Looker reduces the load on your database and improves performance by using cached results of prior queries when available and permitted by your caching policy. In addition, you can create complex queries as persistent derived tables (PDTs), which store their results to simplify later queries.
Datagroups are very handy for coordinating your database’s ETL (extract, transform, and load) schedule with Looker’s caching policy and PDT rebuilding schedule. You can use a datagroup to specify the rebuilding trigger for PDTs based on when new data is added to your database. In the same datagroup, you can specify a maximum cache age for Explore queries to act as a fail-safe in the event that the PDT rebuild is not triggered for some reason. That way, the failure mode for a datagroup will be to query the database rather than serve stale data from the Looker cache.
Alternatively, you can use a datagroup to decouple the PDT rebuilding trigger from your maximum cache age. This can be useful if you have an Explore based on data that updates very frequently and that Explore is joined to a PDT that is rebuilt less frequently. In this case, you would want your query cache to reset more frequently than your PDT is rebuilt.
For details on query caching, see the How Looker uses cached queries section on this documentation page.
Defining a datagroup
A datagroup is defined with the
datagroup parameter, either in a model file or in its own LookML file. You can define multiple datagroups if you want different caching and PDT rebuild policies for different Explores and/or PDTs in your project.
datagroup parameter can have the following subparameters:
label— Specifies an optional label for the datagroup.
description— Specifies an optional description for the datagroup that can be used to explain the datagroup’s purpose and mechanism.
max_cache_age— Specifies a string that defines a time period. When the age of a query’s cache exceeds the time period, Looker invalidates the cache. The next time the query is issued, Looker sends the query to the database for fresh results.
sql_trigger— Specifies a SQL query that returns one row with one column. If the value returned by the query is different than the query’s prior results, then the datagroup goes into a triggered state.
interval_trigger— Specifies a time schedule for triggering the datagroup, such as
See the datagroup documentation page for more information on these parameters.
At a minimum, a datagroup must have at least the
max_cache_age parameter, the
sql_trigger parameter, or the
A datagroup cannot have both
interval_triggerparameters. If you define a datagroup with both parameters, the datagroup will use the
interval_triggervalue and ignore the
sql_triggervalue, since the
sql_triggerparameter requires Looker to use database resources when querying the database.
Here is an example of a datagroup that has a
sql_trigger set up to rebuild the PDT every day. In addition, the
max_cache_age is set to clear the query cache every two hours, in case any Explores join PDTs to other data that refreshes more frequently than once a day.
Once you define the datagroup, you can assign it to Explores and PDTs:
- To assign the datagroup to a PDT, use the
datagroup_triggerparameter under the
derived_tableparameter. See the Using a datagroup to specify a rebuild trigger for PDTs section on this page for an example.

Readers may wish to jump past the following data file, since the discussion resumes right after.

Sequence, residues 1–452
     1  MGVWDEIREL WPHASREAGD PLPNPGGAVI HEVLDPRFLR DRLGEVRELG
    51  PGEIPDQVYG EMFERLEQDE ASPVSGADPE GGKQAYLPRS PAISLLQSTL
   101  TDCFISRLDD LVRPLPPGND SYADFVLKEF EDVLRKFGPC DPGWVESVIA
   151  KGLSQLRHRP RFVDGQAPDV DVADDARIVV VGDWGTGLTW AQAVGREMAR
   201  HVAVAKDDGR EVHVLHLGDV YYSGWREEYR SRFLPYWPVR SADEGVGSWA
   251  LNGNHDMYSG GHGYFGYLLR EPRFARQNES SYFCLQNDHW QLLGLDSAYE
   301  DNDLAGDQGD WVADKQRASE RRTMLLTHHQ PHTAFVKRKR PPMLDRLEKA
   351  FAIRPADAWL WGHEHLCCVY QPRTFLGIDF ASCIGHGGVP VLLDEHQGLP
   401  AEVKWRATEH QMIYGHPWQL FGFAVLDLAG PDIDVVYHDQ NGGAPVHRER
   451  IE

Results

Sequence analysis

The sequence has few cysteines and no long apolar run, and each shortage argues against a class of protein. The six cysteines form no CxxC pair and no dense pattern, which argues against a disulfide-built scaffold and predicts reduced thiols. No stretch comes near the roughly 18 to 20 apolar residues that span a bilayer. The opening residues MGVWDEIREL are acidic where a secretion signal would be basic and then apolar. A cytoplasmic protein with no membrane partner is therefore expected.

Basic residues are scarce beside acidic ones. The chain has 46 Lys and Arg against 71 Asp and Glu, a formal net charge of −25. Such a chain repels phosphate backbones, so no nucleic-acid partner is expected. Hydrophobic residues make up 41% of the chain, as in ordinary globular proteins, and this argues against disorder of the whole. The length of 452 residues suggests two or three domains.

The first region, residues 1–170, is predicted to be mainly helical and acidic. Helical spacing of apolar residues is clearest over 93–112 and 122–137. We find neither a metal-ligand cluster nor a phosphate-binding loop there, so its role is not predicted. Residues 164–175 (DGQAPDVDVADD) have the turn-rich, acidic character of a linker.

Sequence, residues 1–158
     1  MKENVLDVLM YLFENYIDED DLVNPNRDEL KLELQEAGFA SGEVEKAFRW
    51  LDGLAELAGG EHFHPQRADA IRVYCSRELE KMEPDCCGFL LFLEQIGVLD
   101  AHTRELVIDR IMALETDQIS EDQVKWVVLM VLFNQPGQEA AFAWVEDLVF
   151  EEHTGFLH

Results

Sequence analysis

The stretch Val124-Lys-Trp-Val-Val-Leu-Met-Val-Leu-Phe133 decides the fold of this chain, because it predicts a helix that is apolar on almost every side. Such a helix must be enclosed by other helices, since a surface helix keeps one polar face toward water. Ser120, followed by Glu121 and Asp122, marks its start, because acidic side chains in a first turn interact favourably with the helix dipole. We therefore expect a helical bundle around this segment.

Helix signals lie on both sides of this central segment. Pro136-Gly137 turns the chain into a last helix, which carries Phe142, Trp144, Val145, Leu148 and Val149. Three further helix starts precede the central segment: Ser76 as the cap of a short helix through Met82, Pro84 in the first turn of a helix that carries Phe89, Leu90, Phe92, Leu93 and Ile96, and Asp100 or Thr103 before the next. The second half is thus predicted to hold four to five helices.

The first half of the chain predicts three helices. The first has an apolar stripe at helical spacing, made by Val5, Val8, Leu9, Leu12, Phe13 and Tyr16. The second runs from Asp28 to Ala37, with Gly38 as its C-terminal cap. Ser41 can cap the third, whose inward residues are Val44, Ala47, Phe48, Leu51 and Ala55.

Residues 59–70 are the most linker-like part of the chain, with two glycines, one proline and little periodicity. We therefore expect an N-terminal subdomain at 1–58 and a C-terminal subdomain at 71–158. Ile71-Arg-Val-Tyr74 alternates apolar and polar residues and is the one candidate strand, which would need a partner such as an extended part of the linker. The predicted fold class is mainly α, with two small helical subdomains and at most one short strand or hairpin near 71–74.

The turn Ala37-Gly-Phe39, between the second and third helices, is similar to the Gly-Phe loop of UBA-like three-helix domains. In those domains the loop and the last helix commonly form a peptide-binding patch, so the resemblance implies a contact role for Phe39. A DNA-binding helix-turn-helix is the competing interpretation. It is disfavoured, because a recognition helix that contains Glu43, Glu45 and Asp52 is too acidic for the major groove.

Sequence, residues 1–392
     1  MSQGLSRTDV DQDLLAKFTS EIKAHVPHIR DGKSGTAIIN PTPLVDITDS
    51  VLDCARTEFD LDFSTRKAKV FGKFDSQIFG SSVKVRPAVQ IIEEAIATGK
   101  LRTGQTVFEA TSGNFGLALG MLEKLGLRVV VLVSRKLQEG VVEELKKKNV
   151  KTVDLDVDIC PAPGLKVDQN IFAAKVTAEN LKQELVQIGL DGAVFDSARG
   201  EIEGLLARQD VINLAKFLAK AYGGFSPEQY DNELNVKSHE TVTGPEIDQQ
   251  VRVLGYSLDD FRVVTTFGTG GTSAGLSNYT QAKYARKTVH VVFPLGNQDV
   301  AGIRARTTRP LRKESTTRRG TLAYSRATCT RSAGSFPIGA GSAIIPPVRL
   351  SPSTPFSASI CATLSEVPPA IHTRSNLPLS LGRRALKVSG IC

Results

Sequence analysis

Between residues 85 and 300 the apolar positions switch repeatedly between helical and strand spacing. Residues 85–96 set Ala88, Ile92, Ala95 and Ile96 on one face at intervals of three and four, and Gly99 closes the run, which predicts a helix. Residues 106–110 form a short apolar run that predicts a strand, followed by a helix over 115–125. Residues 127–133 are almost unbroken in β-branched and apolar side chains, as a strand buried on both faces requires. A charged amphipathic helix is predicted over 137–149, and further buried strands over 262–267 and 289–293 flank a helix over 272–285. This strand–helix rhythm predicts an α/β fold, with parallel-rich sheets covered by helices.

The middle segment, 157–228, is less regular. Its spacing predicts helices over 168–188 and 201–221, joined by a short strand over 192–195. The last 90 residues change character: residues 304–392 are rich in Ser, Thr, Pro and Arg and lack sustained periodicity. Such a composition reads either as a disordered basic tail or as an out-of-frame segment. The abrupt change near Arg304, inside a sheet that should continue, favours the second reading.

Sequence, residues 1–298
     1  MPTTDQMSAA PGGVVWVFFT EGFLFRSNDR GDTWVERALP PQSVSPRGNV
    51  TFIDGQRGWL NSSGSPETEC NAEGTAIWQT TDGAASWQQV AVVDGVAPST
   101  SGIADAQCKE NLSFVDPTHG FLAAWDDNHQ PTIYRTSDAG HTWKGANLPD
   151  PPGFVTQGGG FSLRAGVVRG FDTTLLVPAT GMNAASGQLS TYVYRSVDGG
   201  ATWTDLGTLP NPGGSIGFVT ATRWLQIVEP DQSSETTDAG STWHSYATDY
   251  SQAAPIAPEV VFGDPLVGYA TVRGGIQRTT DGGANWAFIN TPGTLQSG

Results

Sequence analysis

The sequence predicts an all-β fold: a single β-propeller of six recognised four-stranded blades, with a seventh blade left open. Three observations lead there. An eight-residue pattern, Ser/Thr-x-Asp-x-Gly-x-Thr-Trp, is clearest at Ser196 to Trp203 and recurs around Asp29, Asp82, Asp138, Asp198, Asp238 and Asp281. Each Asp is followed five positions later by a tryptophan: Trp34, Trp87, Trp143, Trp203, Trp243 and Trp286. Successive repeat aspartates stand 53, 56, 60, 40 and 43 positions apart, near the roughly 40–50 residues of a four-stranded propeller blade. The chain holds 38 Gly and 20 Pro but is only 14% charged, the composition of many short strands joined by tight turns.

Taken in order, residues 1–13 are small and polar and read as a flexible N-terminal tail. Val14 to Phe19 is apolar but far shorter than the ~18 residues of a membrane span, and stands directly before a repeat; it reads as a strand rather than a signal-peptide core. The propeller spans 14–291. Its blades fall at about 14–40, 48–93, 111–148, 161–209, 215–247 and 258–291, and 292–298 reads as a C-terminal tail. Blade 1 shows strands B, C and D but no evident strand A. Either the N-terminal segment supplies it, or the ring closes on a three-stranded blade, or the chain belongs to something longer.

- To assign the datagroup to an Explore, use the
persist_withparameter at the model level or the Explore level. See the Using a datagroup to specify query cache reset for Explores section on this page for an example.
Using a datagroup to specify a rebuild trigger for PDTs
To define a PDT rebuilding trigger using datagroups, create a
datagroup parameter with either the
sql_trigger or the
interval_trigger subparameter. Then assign the datagroup to individual PDTs using the
datagroup_trigger subparameter in the PDT’s
derived_table definition. If you use
datagroup_trigger for your PDT, you don’t need to specify any other persistence strategy for the derived table. If you specify multiple persistence strategies for a PDT, you will get a warning in the Looker IDE, and only the
datagroup_trigger will be used.
Here is an example of a PDT definition that uses the
customers_datagroup datagroup. This definition also adds several indexes, on both
first_order_date. For more information about defining PDTs, see the Derived tables in Looker documentation page.
If you have cascading PDTs, PDTs that are dependent on other PDTs, be careful not to specify incompatible datagroup caching policies.
For connections that have user attributes to specify the connection parameters, you must create a separate connection using the PDT override fields if you want to do either of the following:
• Use PDTs in your model
• Use a datagroup to define a PDT rebuild trigger
Without the PDT overrides, you can still use a datagroup with
max_cache_ageto define the caching policy for Explores.
See the Derived tables in Looker documentation page for more information how datagroups work with PDTs.
Using a datagroup to specify query cache reset for Explores
When a datagroup is triggered, the Looker regenerator will rebuild the PDTs that use that datagroup as a persistence strategy. Once the datagroup’s PDTs are rebuilt, Looker will clear the cache for Explores that use the datagroup’s rebuilt PDTs. You can add the
max_cache_age parameter to your datagroup definition if you want to customize a query cache reset schedule for the datagroup. The
max_cache_age parameter lets you clear the query cache on a specified schedule, in addition to the automatic query cache reset that Looker performs when the datagroup’s PDTs are rebuilt.
To specify a datagroup to use for query cache resets on Explores, use the
- To assign the datagroup as the default for all Explores in a model, use the
persist_withparameter at the model level (in a model file).
- To assign the datagroup to individual Explores, use the
persist_withparameter under an
The following examples shows a datagroup named
orders_datagroup that is defined in a model file. The datagroup has a
sql_trigger parameter, which specifies that the query
select max(id) from my_tablename will be used to detect when an ETL has happened. Even if that ETL doesn’t happen for a while, the datagroup’s
max_cache_age specifies that the cached data will be used only for a maximum of 24 hours.
persist_with parameter points to the
orders_datagroup caching policy, which means this will be the default caching policy for all Explores in the model. However, we don’t want to use the model’s default caching policy for the